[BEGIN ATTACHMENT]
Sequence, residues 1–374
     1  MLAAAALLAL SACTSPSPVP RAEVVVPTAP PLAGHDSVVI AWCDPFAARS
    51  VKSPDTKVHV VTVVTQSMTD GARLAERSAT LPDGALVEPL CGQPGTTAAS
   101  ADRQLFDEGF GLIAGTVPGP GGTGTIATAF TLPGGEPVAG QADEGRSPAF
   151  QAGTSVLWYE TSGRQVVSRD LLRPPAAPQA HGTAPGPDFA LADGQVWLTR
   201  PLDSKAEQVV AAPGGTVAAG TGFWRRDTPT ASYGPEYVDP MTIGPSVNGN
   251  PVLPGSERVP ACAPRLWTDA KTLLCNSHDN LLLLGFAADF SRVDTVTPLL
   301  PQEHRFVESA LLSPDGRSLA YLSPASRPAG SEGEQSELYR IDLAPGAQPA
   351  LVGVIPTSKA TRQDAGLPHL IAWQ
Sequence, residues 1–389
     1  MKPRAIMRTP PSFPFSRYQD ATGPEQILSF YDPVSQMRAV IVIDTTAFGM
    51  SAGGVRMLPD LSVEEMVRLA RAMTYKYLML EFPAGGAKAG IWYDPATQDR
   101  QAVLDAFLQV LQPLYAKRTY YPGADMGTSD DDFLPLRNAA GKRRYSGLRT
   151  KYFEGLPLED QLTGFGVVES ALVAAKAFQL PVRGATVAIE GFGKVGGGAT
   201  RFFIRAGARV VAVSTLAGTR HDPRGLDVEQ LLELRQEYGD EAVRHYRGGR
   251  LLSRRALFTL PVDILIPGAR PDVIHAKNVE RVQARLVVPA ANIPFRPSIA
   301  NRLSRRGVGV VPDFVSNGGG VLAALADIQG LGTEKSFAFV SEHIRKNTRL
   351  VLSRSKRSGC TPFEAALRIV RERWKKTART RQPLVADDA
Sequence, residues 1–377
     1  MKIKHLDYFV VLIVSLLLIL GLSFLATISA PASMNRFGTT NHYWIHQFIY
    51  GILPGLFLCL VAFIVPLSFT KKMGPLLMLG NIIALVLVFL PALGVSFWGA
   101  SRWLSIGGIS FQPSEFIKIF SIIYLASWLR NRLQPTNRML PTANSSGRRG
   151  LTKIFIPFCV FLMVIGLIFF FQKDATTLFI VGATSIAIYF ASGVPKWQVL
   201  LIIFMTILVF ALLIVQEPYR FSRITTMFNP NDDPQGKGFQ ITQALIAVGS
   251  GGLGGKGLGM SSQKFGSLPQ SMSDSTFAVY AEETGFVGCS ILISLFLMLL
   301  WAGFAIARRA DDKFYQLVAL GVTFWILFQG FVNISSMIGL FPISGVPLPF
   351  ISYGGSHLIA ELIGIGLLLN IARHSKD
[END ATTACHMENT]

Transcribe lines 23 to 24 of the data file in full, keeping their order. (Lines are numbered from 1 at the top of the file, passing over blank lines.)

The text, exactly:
   151  LTKIFIPFCV FLMVIGLIFF FQKDATTLFI VGATSIAIYF ASGVPKWQVL
   201  LIIFMTILVF ALLIVQEPYR FSRITTMFNP NDDPQGKGFQ ITQALIAVGS